Now to further refine the LLW position get out your clicker and treats. (For those of you training for CGC, put the treats in your pocket not a treat bag, eventually you’ll be weaning off these treats completely.) Start LLW with the red light green light method, but when your dog comes into position C/T. Remember you’re holding the leash in your right hand, so put your clicker in that hand too. That leaves your left hand free to be the treat dispenser. Don’t treat by reaching across your body to the dogs mouth or you’ll encourage him to forge forward and get out of position.

By this time he should be getting the idea to look up and pay attention. Reward those check ins! Any glance at you is a great thing to C/T. Remember you want him to focus on you for LLW, so pay him generously for doing so. Gradually LLW will become second nature.

A note about distraction, especially if you have a champion puller who’s has had lots of practice, start from scratch in the least distracting environment possible. Start in the house, once he’s reliably staying in the golden zone, work towards the closed door, once he can walk nicely to the door, open it and start over. Remember, if he can’t LLW to the door he’s bound to fail once you’re in the real world, and we never want our pups to fail!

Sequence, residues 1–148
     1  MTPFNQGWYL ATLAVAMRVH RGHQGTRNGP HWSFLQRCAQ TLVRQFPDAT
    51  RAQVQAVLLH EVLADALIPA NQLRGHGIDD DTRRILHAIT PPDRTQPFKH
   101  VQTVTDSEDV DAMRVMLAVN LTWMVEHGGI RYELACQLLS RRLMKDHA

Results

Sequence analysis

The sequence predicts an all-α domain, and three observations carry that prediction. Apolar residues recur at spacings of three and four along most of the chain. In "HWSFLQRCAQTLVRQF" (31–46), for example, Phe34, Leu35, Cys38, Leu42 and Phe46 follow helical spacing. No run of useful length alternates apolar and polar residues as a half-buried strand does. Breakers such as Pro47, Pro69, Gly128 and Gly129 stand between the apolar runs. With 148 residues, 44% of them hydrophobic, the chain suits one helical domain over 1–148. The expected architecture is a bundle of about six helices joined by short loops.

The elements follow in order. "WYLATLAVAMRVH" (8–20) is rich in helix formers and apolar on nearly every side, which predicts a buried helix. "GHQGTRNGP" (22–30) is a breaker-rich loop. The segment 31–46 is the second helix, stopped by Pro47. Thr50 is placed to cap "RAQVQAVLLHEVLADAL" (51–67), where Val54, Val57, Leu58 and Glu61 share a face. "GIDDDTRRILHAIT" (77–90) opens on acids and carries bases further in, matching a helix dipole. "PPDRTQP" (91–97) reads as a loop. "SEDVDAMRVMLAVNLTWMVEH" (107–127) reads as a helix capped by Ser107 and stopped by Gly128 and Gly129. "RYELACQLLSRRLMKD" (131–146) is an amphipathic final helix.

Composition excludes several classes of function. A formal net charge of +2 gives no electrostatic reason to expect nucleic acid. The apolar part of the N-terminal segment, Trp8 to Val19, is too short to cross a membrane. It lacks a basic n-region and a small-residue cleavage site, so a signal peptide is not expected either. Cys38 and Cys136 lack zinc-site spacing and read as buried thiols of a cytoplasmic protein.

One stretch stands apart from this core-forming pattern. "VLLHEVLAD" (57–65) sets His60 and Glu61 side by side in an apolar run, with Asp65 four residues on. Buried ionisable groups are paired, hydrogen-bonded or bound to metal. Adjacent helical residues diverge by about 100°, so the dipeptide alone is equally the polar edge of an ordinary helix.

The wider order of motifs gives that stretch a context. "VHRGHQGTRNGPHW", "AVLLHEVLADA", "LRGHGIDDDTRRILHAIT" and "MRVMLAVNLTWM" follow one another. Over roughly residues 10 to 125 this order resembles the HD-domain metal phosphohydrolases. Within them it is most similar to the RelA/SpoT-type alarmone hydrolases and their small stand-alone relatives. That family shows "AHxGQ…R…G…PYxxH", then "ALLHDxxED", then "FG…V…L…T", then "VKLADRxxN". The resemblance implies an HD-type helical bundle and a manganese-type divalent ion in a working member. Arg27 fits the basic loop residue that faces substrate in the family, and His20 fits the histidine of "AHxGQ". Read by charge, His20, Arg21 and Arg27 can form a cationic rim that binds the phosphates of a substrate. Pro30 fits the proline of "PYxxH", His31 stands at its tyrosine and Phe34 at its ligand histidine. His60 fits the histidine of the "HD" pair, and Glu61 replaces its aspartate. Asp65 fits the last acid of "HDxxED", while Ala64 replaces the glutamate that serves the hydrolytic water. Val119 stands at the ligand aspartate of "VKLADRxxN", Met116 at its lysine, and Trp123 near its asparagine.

One final note, bad habits take time to form and time to break. If he’s had lots of time to practice pulling, it may take time to teach him to choose not to pull anymore. Eventually he will understand all good things happen in the golden zone. For Maizey that means she rarely pulls, even on her harness. Be patient! It’s worth it in the end.

For my friend with the LLW woes, hang in there. I thought Maizey would never get this and she’s mostly good now. For anyone out there who may have a trainer encouraging them to try more forceful methods, please consider this is a force free way of teaching your 4legged friend to choose the best behavior. When he does choose on his own, you’ll be thrilled with his choice!

Share

You Get What You Click Part One: Choose the Correct Equipment

Life is frequently all about the timing.

Clicker training is also all about the timing. You get what you click. However, anyone who has started using a clicker knows it’s can be a challenge to get all the mechanics right.